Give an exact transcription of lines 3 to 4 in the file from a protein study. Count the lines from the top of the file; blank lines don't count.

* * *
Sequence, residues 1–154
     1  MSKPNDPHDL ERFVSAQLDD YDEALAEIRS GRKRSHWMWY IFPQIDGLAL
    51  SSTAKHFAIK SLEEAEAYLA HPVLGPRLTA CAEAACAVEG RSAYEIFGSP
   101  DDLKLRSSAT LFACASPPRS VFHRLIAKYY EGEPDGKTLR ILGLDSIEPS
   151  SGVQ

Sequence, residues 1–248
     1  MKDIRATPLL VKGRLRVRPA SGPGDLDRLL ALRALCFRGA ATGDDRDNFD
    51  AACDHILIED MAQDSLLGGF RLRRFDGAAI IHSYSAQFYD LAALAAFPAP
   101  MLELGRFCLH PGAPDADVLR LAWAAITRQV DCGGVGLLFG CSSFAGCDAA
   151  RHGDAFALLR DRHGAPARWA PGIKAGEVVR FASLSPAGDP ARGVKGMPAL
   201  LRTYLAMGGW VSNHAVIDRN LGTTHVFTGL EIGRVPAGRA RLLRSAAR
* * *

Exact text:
    51  SSTAKHFAIK SLEEAEAYLA HPVLGPRLTA CAEAACAVEG RSAYEIFGSP
   101  DDLKLRSSAT LFACASPPRS VFHRLIAKYY EGEPDGKTLR ILGLDSIEPS